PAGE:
As a lark for spring, I thought over the next little while we could take a little exploratory jaunt along the edges of the world of gin — a world more interesting, particularly lately, than many drinkers may realize.
We start with the gins of the Netherlands, which are beginning to enjoy an unlikely renaissance in the rest of the world thanks to cocktail hipsters who keep an eye on the past. Canadian drinkers, especially those with access to U.S. liquor stores, may notice genever, the mellow Dutch cousin of English gin, suddenly popping up in their view.
Genever goes by many other names — Hollands gin, Dutch gin, and so on — and it divides into two categories, “oude” (old, which is sweeter) and “jonge” (young, tasting crisper and drier). Both are flavoured with juniper just like the gin you’re used to, but the Dutch kind is considerably sweeter than the English.
Until the 1880s or so, oude genever was the preferred gin of North Americans (or at least New Yorkers), and we called it Hollands. That was a major discovery of David Wondrich, a leader of today’s hip wayback machine school of bartending (watch this video). Hence the recent flow of genever in smart cocktail bars in New York and London.
One of the most popular brands, Bols Oude Genever tastes strongly of juniper and darker sugars. My bottle arrived in Canada via the luggage of a friend returning from a trip to the Netherlands.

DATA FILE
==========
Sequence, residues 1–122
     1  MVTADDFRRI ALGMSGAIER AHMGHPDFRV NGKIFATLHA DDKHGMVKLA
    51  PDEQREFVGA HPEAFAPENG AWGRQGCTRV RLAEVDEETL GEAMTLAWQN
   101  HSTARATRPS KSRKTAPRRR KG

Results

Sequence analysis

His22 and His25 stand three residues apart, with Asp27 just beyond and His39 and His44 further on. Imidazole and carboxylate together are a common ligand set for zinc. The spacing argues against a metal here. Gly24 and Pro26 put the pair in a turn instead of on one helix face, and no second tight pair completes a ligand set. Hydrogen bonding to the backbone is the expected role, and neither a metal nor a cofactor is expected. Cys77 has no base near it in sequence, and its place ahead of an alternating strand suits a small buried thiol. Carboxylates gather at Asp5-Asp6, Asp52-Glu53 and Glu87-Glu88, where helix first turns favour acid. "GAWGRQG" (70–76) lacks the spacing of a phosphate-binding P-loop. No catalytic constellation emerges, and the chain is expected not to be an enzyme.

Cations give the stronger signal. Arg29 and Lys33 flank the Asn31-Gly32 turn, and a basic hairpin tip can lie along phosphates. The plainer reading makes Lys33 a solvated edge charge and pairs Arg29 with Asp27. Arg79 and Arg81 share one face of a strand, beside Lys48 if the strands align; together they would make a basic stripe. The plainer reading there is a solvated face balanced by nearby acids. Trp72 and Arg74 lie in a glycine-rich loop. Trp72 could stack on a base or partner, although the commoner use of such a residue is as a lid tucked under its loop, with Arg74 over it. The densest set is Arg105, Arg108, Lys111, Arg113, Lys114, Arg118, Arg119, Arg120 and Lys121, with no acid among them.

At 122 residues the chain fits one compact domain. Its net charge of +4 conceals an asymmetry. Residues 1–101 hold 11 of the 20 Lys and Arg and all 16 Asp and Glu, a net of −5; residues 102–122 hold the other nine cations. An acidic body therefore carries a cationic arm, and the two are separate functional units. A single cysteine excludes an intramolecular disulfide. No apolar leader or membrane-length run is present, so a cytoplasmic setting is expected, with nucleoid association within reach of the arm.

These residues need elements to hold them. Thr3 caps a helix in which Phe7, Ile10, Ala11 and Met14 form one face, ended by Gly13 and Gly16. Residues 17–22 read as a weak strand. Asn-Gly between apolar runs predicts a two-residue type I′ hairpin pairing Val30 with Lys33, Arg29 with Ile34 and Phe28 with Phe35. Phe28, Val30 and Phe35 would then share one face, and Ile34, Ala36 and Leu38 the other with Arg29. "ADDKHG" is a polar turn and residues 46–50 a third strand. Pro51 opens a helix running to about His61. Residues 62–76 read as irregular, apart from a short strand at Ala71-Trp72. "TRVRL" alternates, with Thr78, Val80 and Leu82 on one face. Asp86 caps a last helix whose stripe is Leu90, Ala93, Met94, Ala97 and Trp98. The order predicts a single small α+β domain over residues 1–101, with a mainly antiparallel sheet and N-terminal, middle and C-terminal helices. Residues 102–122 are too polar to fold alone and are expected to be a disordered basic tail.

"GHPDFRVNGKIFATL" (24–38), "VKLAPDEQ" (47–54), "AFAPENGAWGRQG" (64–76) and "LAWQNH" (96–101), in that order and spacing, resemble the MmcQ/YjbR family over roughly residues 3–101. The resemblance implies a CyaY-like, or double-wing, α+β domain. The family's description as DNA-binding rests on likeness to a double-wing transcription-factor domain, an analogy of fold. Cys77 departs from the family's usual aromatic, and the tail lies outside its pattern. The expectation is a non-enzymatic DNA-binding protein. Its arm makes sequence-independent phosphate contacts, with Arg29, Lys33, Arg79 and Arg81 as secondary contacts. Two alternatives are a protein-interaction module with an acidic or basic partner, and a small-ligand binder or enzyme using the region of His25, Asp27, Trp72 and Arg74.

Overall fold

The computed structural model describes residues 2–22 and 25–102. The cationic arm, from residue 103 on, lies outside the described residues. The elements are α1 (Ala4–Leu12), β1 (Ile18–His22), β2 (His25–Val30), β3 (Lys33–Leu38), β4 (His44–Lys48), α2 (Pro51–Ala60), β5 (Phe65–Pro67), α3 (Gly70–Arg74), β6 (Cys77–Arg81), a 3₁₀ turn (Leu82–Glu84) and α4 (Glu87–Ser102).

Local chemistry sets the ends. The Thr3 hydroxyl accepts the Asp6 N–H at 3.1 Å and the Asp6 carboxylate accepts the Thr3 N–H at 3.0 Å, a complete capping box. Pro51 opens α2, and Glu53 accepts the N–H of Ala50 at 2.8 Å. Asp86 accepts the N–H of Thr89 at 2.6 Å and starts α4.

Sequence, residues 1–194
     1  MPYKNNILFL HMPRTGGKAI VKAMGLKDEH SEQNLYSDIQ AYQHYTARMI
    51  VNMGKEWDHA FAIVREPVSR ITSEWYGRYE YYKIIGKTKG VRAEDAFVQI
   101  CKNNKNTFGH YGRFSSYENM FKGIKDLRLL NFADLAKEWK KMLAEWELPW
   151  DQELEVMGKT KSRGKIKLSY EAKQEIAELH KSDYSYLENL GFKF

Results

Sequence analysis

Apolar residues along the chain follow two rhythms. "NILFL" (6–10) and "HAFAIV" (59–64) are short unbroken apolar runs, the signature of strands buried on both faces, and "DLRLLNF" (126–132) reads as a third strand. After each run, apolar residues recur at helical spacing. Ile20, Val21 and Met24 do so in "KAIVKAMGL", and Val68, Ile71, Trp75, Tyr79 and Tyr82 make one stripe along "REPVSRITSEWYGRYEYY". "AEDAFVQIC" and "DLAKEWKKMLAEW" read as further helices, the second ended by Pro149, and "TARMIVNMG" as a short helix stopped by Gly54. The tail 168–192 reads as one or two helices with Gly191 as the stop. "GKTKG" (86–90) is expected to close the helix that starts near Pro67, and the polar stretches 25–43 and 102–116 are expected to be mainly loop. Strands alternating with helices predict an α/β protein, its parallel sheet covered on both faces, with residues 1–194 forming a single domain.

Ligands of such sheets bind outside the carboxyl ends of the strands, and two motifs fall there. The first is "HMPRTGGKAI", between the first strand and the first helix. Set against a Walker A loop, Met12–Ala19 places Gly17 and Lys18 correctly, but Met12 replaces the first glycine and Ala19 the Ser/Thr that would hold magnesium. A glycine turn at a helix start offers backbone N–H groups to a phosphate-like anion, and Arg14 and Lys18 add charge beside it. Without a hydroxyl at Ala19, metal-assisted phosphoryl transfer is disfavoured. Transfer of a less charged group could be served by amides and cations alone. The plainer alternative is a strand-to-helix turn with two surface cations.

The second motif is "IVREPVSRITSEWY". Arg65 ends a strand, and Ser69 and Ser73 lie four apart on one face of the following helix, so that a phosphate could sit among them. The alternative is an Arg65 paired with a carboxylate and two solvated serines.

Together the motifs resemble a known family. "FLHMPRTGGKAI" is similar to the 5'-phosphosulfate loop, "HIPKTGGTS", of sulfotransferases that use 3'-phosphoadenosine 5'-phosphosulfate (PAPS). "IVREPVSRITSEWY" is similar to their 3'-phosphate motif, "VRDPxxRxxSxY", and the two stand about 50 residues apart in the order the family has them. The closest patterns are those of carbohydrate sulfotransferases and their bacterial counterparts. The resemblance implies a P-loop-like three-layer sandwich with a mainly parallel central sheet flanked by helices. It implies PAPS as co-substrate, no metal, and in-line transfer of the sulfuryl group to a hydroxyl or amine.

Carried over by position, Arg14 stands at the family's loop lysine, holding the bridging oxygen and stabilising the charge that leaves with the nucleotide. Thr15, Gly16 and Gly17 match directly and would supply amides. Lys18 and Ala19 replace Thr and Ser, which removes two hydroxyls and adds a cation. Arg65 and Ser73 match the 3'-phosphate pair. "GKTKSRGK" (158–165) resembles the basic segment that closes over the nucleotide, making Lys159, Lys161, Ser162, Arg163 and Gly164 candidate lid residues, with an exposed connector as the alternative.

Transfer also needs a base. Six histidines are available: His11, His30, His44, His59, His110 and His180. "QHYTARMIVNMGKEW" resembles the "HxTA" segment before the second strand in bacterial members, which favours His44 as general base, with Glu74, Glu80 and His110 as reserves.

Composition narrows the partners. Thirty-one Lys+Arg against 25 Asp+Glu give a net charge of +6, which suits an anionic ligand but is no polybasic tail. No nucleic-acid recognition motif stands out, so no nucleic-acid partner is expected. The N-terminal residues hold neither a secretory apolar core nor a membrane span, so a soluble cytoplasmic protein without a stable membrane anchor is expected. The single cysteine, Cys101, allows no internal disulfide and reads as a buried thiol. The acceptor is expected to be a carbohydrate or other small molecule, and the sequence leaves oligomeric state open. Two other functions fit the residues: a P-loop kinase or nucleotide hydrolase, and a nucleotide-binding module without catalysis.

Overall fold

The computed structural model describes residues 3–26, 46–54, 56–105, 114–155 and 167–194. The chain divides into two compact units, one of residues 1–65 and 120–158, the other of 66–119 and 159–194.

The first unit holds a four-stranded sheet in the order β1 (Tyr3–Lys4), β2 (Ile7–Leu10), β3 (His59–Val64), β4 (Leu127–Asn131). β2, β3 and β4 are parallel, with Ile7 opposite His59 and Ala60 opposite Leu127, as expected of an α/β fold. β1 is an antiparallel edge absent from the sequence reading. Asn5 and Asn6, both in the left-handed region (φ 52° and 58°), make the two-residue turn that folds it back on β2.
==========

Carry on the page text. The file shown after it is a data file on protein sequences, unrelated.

If you can’t get your hands on some Bols, you might get lucky and see De Kuyper Geneva on the shelves in your province. It’s distilled under licence in Quebec, it’s dead cheap (less than $23 for 750 millilitres in Ontario) and sold in a green plastic bottle. All signs point to a hobo-juice territory, and yet De Kuyper’s gin — an oude-style one, though not labelled as such — is a delicious product, fresh and malty-tasting and on the sweet side even for a Dutch gin. It’s wonderful in cocktails.
I played around with a recipe for the Turf Cocktail No. 2 from Jacques Straub’s 1914 Drinks and and came up with this, which I shall dub the Reclaimed Turf Cocktail in honour of the dyke-building Dutch. You will have no trouble making this at home:
• 1 oz. sweet/old genever, e.g. De Kuyper or Bols
• ½ oz. Martini Rosso vermouth
• 2 dashes Angostura bitters
• 3-4 dashes gum or simple syrup (optional but recommended)
• twist of orange peel
To a mixing glass half-filled with ice, add all ingredients except orange peel. Stir for a good long time — until the level of the liquid has risen and submerged the ice. Strain into a chilled cocktail glass. Using a paring knife or potato peeler, peel off and squeeze a twist of orange peel above the drink. Rub glass rim with orange peel and drop into the glass.
More recipes to follow soon, and we’ll figure out what to do with jonge genever.